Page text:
Bubble contrast echocardiography is undertaken to investigate whether a patient has a right to left shunt. It is usually reserved for "young" patients with cryptogenic strokes (a relative term but frequently defined as those under the age of 55 years) in which population there is a significantly increased incidence of Patent Foramen Ovale (P.F.O.).[2]

Bubble contrast echocardiography can be performed with transthoracic (video 6) or transoesophageal (video 7) echocardiography with pros and cons to both approaches.

A detailed methodological description of how to perform a bubble contrast echocardiogram along with a discussion on the atrial septum in relation to cryptogenic strokes has been published previously by our group.[3]

Video 6 Video 7

Transoesophageal Echocardiography (TOE)

TOE is a very sensitive imaging modality that should be performed on all individuals who have suffered a brain infarct, have no definitive cardiovascular source of embolus identified on standard rhythm monitoring and standard cardiac/vascular imaging (including transthoracic echocardiography) AND in whom any identified pathology would likely impact on their future management.

Whilst a complete echocardiographic study in all individuals is desirable the main areas of focus in a patient with a brain infarct are:

  • Inter-atrial septum
  • Left atrium (LA) and left atrial appendage (LAA)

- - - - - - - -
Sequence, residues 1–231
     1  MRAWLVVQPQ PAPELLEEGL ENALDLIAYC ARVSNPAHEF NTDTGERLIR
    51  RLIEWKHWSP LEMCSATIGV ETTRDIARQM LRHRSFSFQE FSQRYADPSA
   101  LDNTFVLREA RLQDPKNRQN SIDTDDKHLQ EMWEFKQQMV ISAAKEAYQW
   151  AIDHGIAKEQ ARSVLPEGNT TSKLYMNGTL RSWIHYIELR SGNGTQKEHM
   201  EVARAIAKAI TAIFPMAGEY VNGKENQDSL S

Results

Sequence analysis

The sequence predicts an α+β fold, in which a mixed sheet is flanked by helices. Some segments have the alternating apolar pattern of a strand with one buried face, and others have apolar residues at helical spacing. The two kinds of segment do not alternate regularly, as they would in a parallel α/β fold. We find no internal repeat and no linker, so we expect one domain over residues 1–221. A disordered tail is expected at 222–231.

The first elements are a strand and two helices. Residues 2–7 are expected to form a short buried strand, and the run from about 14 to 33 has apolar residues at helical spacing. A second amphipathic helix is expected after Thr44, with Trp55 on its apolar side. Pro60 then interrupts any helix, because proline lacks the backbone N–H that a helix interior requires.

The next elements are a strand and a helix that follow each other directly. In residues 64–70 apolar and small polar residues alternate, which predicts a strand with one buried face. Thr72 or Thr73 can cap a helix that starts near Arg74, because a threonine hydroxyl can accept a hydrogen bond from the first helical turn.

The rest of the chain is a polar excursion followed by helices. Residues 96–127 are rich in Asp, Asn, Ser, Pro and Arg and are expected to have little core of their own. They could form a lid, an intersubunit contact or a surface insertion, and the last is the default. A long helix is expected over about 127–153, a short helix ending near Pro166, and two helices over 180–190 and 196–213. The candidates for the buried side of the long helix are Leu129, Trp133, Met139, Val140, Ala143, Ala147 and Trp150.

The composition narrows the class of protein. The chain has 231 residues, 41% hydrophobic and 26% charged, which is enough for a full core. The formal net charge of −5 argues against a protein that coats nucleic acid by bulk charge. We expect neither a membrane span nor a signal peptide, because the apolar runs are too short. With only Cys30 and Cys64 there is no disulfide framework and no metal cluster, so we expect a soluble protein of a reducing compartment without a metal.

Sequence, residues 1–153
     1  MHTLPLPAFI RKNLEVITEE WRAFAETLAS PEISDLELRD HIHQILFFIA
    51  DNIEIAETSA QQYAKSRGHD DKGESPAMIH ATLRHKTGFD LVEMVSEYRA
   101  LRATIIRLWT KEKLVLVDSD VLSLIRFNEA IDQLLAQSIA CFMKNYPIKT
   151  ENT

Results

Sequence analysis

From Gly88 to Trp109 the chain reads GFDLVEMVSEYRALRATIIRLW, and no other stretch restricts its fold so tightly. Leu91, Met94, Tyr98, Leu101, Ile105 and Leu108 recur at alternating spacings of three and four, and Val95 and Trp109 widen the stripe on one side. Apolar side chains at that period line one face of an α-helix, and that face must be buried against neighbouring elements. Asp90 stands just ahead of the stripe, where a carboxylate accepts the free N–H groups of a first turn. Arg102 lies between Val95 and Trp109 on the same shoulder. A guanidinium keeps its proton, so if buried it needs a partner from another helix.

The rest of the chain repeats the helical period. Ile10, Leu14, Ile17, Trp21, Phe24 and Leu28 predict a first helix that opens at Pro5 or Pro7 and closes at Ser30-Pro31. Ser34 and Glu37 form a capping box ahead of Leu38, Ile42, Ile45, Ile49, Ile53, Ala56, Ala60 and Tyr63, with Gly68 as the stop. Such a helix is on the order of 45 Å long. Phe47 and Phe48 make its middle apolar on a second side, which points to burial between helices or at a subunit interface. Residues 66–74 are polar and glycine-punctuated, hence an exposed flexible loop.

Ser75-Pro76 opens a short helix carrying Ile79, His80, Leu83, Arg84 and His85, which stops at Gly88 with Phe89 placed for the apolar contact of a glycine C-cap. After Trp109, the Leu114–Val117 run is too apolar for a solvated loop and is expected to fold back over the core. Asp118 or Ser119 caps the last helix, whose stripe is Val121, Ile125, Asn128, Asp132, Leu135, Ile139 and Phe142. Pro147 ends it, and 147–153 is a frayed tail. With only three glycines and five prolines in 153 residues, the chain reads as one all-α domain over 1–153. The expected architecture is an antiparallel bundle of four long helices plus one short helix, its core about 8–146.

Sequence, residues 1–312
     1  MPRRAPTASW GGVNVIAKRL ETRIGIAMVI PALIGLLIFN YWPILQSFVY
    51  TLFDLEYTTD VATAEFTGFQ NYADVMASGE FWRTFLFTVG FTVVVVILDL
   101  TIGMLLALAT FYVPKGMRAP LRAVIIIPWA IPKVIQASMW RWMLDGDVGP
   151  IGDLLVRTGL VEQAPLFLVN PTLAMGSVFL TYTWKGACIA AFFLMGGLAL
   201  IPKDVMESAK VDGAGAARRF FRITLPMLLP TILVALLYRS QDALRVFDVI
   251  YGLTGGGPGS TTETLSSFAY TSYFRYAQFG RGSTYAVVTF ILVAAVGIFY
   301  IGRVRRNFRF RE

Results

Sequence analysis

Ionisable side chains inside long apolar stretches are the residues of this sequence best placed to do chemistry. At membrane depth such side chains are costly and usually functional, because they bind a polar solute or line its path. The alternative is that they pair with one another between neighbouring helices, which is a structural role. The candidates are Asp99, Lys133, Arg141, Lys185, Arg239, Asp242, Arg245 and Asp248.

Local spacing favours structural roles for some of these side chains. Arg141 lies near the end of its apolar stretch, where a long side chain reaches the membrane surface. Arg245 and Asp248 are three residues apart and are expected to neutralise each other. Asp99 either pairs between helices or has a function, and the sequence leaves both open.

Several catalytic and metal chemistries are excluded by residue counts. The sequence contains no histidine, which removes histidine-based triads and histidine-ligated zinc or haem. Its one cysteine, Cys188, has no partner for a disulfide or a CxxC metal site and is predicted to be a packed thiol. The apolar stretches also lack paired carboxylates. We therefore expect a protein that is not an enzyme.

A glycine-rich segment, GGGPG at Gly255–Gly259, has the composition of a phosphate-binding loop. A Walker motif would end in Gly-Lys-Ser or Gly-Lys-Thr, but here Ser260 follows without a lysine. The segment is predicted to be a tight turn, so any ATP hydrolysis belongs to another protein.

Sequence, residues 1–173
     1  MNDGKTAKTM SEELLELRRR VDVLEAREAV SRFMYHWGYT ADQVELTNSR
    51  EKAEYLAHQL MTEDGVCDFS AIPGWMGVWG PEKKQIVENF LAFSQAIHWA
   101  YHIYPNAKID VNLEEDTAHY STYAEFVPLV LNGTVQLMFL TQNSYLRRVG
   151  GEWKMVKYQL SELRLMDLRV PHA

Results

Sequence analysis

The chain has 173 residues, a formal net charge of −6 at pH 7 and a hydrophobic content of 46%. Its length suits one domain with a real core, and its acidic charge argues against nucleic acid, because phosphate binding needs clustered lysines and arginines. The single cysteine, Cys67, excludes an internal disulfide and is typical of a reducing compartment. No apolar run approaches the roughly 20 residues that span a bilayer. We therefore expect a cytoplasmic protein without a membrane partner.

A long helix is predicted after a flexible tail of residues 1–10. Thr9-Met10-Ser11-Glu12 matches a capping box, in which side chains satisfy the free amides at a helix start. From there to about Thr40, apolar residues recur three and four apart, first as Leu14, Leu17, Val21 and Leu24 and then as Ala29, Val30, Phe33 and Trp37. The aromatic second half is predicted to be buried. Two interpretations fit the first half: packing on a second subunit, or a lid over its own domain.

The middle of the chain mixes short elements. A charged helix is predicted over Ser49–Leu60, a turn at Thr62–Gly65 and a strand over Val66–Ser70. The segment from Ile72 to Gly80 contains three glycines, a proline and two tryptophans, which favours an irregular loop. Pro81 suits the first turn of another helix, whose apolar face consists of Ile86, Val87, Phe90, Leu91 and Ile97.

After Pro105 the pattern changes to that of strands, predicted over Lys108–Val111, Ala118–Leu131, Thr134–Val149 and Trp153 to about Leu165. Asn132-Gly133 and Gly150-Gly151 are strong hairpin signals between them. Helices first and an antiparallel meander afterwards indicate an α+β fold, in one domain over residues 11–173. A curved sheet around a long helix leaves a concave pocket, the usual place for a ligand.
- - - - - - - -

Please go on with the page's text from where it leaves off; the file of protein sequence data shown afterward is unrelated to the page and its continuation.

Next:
• Aorta (ascending, arch and descending)
  • Mitral valve (MV)
  • Aortic valve (AV)

The technicalities of how to image each area are described in many texts including those listed under further reading.

Inter-atrial septum

The purpose of imaging the inter-atrial septum is primarily to confirm or refute the presence of a patent foramen ovale, an atrial septal aneurysm or an atial septal defect. When an atrial septal abnormality is identified the echocardiographer should image to the inferior vena cava (IVC)/right atrium (RA) looking for a Eustachion valve or Chiari network as the presence of either is believed to be associated with increased right to left shunting and a greater risk of paradoxical embolisation.

Video 8 Video 9


A PFO is diagnosed when there is 2D evidence of incomplete fusion of the septum primum and septum secundum in addition to right to left shunting identified by bubble echocardiography (TTE or TOE). If a PFO is present it is useful to measure the "tunnel separation"; this will suggest the degree of risk associated with the lesion as well as guide potential intervention.